Raymond Johansen, Norway's deputy foreign minister, said: "We hope that all the European countries, and even other countries, will ... support this unity government.
 
"We hope that this unity government will work hard in order to fulfil the expectations from the international community."
 
The EU's position on the unity government has yet to be announced.
 
Economic sanctions
 
Israeli officials have played down Johansen's meetings with Haniya and Ziyad Abu Amr, the new Palestinian foreign minister, saying economic sanctions against the Hamas-led government remain in place.
 
At a joint press conference with Johansen, Abu Amr praised Norway's "daring position" in being the first European country to fully recognise the new government.
 
Abu Amr said: "We have discussed many issues, including how to secure international support towards lifting the siege."
 
Palestinians and Israelis negotiated their first interim peace deal in Oslo and signed the accord in Washington in 1993 clearing the way for setting up a Palestinian Authority.
 
The unity government says it will "respect" previous agreements with Israel, but its platform does not call for recognising Israel and asserts that Palestinian resistance against the Israeli occupation in "all its forms" is a legitimate right.
 
Uncertain policy
 
On Sunday, Ehud Olmert, the Israeli prime minister, vowed to boycott the new government, including non-Hamas ministers, and said he would not discuss Palestinian statehood with Abbas.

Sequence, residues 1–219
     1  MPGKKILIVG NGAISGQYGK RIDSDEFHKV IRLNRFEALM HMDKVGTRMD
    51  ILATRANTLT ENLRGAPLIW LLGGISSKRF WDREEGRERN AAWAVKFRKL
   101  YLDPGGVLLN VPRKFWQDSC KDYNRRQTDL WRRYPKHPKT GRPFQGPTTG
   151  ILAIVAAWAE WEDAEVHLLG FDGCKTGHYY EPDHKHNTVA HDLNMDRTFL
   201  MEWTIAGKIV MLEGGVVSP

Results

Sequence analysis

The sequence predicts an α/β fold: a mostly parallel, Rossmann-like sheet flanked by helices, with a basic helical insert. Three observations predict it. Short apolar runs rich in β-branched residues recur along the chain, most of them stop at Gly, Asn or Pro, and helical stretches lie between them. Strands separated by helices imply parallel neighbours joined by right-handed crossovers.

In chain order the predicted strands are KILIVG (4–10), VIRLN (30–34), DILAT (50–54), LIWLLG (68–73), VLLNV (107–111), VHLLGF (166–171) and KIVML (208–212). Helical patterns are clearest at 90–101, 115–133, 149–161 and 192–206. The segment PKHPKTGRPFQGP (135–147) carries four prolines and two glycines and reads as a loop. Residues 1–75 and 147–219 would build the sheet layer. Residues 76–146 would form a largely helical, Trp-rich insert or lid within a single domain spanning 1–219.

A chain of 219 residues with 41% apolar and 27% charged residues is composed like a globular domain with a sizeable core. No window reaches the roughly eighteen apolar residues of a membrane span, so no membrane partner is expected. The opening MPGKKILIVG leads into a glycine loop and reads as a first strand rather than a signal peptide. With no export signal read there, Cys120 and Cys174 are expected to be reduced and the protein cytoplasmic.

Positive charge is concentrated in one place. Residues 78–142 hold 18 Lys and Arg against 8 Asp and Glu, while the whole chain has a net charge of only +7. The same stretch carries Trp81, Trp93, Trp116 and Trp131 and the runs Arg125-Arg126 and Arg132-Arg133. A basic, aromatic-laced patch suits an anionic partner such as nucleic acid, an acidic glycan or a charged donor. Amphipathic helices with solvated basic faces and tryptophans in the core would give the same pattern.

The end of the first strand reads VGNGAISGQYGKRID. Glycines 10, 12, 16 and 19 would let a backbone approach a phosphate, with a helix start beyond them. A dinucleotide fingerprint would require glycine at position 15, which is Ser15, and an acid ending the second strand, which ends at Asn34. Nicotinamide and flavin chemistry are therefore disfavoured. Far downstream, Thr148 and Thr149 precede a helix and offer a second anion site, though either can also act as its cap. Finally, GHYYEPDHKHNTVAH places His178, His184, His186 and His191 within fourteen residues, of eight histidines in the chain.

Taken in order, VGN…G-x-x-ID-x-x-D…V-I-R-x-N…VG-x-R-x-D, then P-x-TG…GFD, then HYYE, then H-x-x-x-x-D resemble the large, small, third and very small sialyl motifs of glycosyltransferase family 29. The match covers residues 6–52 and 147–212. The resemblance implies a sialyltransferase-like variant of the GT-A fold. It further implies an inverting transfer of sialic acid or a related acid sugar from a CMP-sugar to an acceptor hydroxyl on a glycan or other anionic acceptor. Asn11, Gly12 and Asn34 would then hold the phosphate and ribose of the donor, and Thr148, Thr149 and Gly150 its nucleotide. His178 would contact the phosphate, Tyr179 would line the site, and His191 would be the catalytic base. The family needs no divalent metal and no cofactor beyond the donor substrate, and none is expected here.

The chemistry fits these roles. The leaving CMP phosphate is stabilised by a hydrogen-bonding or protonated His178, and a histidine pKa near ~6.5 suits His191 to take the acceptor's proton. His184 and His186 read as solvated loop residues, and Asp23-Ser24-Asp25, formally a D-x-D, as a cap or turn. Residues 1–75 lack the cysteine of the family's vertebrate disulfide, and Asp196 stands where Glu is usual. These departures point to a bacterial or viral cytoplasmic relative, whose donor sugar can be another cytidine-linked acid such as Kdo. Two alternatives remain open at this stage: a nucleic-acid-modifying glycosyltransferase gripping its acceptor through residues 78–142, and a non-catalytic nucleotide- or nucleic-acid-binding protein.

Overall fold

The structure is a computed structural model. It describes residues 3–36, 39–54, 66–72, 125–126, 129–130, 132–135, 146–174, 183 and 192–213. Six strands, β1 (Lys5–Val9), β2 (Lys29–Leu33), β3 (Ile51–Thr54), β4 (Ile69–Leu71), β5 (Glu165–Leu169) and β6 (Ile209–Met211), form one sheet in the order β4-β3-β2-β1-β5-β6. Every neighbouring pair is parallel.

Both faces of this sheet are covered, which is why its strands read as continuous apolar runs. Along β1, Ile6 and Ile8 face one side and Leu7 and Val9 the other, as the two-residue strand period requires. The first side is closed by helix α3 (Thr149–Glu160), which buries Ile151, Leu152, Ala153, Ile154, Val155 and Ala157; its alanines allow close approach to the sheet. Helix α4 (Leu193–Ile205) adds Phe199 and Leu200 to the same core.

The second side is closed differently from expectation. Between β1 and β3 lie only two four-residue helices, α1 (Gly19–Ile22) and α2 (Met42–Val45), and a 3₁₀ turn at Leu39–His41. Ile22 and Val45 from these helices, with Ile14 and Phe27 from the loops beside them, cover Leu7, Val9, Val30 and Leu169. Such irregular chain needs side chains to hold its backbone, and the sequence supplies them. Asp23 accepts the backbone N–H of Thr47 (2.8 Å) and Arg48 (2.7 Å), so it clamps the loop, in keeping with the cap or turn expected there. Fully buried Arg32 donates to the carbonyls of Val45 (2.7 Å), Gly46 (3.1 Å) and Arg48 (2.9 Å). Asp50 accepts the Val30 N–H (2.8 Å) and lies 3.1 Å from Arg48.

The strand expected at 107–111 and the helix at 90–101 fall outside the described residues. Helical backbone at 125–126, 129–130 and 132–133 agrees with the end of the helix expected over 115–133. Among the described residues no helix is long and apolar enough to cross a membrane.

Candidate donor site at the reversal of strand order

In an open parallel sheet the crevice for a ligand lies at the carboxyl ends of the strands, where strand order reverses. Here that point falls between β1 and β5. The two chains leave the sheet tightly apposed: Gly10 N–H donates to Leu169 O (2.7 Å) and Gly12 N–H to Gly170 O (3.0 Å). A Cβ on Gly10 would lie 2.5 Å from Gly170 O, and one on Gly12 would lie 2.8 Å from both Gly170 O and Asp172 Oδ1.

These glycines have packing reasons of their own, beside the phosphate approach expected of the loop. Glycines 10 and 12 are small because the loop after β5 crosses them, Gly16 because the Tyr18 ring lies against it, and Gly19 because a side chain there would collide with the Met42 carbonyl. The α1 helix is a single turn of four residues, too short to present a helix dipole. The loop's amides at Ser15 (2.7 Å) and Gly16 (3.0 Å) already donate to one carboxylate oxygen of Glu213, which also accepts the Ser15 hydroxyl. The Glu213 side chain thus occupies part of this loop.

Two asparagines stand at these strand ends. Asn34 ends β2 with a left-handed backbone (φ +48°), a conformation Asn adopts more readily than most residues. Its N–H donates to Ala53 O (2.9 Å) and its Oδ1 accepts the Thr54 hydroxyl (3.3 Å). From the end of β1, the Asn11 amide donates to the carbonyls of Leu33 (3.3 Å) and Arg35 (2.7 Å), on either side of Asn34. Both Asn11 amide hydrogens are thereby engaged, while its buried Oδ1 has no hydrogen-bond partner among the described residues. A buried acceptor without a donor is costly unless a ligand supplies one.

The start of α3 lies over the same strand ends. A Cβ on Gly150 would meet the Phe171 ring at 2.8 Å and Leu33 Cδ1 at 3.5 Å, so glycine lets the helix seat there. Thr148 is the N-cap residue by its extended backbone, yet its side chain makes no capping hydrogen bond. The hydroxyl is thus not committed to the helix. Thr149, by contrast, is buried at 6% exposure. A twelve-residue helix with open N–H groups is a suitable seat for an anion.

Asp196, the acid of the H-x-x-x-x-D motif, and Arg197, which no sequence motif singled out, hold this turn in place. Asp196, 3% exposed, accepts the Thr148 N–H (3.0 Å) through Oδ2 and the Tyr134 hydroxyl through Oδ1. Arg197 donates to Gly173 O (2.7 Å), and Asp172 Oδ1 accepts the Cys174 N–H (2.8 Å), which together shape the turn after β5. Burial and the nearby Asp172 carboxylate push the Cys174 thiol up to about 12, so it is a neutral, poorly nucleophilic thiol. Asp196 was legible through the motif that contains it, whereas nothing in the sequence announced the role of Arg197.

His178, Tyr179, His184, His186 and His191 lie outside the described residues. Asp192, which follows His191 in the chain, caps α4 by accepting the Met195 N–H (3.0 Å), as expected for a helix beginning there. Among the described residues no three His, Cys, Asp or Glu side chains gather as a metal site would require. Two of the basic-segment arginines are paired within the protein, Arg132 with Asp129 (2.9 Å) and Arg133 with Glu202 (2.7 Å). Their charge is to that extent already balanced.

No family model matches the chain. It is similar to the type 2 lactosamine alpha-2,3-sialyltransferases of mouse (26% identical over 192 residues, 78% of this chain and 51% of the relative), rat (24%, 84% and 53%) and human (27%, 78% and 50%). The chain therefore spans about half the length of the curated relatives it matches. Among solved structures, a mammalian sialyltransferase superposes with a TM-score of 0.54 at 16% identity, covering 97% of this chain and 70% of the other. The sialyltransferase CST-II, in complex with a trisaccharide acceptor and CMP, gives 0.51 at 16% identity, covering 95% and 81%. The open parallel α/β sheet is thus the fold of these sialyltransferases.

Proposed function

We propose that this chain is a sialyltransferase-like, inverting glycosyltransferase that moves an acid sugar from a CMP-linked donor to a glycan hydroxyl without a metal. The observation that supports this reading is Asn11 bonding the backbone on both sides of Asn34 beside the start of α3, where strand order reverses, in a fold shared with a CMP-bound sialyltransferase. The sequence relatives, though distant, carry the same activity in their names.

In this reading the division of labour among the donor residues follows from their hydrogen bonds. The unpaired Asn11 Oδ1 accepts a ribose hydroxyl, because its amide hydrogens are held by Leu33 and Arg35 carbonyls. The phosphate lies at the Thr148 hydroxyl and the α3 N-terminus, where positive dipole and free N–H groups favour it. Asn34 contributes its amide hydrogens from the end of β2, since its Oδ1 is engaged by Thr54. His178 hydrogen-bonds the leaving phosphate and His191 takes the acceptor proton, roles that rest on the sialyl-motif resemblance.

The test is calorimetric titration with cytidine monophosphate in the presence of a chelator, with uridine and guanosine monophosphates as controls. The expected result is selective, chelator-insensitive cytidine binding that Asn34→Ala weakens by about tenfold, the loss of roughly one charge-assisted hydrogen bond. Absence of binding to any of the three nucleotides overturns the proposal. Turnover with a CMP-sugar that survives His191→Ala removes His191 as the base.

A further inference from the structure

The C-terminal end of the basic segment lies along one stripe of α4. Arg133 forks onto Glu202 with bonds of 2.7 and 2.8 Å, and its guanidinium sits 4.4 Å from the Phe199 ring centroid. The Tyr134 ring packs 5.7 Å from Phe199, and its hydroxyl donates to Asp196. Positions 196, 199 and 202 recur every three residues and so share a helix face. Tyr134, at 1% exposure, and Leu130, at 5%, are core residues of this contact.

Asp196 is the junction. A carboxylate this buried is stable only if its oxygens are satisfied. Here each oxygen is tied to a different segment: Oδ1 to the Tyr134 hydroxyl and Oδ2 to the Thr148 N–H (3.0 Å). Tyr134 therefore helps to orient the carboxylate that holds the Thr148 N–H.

It is unclear how much support Olmert's policy has, both domestically and internationally.
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Khaled Meshaal, Hamas political leader, speaking exclusively to Al Jazeera, said: "Everyone will have to deal with us as a unified governement, without discriminating between ministers."
 
He expressed confidence in the Palestinian government's ability to overcome the financial difficulties, saying: "I don't think the international community will continue imposing a siege on the Palestinian Authorithy and punishing the Palestinian people.
 
"The Arab states will take practical steps to implement the decisions taken at the Khartoum summit which define the financial commitment of the Arab states towards the Palestinian government."
 
Diplomatic contacts
 
An opinion poll in Israel's Yedioth Ahronoth newspaper showed 39 per cent of Israelis support talks with the new Palestinian unity government.
 
Another 17 per cent backed talks with Fatah ministers only.
 
While the US said it would boycott the new Palestinian government, it did not rule out unofficial talks with non-Hamas ministers.
 
Britain plans to allow diplomatic contacts with non-Hamas ministers, and the UN is expected to follow suit.